Benign Paroxymal Positional Vertigo
Benign Paroxysmal Positional Vertigo (BPPV) accounts for approximately 20% of dizziness in people of all ages but can be as high as 50% of the cause in older people. The symptoms include dizziness or vertigo, lightheadedness, imbalance and nausea. Symptoms are typically triggered by certain head positions. The most common of these is getting out of bed or turning over in bed.
The Epley manoeuvre is an effective way of moving debris from the posterior semicircular canal back into the vestibule of the inner ear. It is known as a particle repositioning procedure. It involves sequential movement of the head into four positions, staying in each position for roughly 30 seconds. The recurrence rate for BPPV after these manoeuvres is about 30 percent at one year, and in some instances a second treatment may be necessary.
After this maneoeuvre you should carefully follow the instructions below which helps to prevent debris falling back into the posterior canal.
1. Wait for 10 minutes after the manoeuvre is performed before going home. This is to avoid “quick spins,” or brief bursts of vertigo as debris repositions itself immediately after the manoeuvre. It is best if you do not drive yourself home.
2. Sleep semi-recumbent for the next night. This means sleep with your head halfway between being flat and upright (a 45 degree angle). This is most easily done by using a recliner chair or by using pillows arranged on a couch. During the day, try to keep your head vertical. You must not go to the hairdresser or dentist. No exercise which requires head movement. When men shave under their chins, they should bend their bodies forward in order to keep their head vertical. If eye drops are required, try to put them in without tilting the head back.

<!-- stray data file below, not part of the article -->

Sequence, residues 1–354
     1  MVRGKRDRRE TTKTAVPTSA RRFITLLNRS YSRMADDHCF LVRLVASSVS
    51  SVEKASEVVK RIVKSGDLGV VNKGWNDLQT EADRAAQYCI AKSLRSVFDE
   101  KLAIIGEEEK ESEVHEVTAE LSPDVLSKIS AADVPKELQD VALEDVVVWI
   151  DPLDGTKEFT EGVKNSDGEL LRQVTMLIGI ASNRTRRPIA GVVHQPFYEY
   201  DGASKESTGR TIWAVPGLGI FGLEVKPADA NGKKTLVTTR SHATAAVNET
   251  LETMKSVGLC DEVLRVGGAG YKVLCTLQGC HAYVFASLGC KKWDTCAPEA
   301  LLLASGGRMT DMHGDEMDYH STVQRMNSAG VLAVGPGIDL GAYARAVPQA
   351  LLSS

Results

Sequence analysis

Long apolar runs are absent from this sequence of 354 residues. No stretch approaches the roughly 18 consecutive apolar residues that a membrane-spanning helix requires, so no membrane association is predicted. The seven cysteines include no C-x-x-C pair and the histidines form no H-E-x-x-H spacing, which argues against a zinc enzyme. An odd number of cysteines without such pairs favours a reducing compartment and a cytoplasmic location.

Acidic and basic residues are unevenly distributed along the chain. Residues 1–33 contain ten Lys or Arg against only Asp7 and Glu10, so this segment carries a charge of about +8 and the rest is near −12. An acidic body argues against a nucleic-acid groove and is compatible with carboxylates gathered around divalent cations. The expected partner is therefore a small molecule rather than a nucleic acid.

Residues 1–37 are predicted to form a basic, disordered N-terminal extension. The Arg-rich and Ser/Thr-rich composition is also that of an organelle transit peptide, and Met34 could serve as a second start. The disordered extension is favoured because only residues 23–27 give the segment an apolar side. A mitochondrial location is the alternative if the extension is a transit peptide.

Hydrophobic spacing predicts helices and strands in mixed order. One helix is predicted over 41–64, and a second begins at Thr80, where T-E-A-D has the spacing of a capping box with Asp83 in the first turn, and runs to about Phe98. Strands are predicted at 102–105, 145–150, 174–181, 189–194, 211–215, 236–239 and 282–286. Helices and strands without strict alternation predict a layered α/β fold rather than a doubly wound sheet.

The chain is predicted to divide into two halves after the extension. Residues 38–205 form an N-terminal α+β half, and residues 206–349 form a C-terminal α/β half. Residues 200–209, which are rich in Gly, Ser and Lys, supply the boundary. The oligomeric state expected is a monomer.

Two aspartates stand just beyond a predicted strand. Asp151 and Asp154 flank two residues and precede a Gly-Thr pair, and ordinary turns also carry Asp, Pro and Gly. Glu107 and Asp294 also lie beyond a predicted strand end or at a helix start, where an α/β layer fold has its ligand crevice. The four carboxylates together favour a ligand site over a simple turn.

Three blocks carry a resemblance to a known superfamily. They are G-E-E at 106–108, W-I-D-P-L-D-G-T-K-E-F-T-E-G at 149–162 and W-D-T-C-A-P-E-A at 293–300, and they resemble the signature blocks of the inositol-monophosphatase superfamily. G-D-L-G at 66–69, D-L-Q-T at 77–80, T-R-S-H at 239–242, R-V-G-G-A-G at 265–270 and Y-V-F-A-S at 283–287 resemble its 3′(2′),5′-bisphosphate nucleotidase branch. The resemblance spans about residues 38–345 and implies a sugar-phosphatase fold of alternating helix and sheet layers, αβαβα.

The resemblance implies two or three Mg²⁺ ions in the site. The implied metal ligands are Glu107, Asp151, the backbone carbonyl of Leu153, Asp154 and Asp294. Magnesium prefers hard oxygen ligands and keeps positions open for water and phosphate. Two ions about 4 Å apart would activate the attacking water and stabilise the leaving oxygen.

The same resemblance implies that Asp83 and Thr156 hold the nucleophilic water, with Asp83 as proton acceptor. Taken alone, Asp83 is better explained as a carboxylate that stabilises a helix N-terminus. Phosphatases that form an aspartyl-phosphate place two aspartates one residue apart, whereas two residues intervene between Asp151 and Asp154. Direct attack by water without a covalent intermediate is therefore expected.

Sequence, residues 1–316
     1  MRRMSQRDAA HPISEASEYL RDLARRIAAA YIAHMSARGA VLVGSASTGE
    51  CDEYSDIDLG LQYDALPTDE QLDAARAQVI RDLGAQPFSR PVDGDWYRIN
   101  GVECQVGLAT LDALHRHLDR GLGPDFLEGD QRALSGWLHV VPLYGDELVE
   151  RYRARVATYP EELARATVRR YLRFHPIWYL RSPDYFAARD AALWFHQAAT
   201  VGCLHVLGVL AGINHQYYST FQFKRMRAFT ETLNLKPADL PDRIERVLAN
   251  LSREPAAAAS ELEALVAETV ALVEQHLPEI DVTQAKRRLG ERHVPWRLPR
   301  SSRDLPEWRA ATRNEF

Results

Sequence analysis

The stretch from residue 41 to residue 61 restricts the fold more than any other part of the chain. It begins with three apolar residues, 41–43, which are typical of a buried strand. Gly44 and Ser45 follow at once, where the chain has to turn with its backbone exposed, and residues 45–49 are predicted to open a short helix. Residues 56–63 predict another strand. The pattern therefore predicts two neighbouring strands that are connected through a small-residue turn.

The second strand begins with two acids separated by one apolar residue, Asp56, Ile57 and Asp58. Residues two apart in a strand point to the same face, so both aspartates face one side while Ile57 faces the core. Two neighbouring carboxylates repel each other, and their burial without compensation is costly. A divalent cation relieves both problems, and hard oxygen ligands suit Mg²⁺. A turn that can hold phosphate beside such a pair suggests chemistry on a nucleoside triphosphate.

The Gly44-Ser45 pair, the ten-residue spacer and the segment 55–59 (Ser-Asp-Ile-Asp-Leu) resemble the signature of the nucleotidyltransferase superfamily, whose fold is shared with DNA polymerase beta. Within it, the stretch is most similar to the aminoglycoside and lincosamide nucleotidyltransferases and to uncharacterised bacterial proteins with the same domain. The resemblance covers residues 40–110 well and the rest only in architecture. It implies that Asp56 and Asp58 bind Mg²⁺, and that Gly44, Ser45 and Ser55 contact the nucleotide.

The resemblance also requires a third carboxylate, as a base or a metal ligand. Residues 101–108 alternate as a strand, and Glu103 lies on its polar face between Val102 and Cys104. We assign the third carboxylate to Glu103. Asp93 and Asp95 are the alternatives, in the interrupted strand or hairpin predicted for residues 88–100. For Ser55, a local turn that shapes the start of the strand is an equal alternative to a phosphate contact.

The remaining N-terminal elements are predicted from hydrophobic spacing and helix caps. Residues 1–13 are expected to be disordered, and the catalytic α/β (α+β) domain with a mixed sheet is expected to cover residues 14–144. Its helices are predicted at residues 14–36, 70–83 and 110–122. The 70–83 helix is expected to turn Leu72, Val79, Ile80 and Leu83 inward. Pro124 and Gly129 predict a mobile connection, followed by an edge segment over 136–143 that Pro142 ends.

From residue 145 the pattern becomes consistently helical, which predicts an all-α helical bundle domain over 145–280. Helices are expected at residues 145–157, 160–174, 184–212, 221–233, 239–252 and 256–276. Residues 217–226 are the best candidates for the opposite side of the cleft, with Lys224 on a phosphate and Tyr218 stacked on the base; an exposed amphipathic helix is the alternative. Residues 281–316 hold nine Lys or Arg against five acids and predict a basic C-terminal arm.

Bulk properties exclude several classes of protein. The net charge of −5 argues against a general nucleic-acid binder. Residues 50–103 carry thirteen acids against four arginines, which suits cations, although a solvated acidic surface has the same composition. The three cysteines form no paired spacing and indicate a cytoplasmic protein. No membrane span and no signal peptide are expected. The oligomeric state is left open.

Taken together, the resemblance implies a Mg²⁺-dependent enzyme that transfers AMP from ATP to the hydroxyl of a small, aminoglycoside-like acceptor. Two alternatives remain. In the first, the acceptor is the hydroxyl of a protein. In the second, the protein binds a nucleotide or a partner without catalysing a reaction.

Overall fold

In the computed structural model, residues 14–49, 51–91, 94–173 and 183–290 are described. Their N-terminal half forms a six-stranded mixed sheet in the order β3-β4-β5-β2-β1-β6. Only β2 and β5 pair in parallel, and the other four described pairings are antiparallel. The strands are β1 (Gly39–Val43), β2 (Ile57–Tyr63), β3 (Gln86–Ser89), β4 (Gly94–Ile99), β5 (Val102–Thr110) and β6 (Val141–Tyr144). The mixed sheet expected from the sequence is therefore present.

3. For at least one week, avoid provoking head positions that might bring BPPV on again.
- Use two pillows when you sleep.
- Avoid sleeping on the “bad” side.
- Don’t turn your head far up or far down.
Be careful to avoid head-extended positions and try to stay as upright as possible. Activities to avoid include
- Touching your toes
- Avoid the Brandt-Daroff exercises for 2 days after the Epley
4. At one week after treatment, put yourself in the position that usually makes you dizzy. Position yourself cautiously and under conditions in which you cannot fall or hurt yourself. Fingers crossed, things have settled down.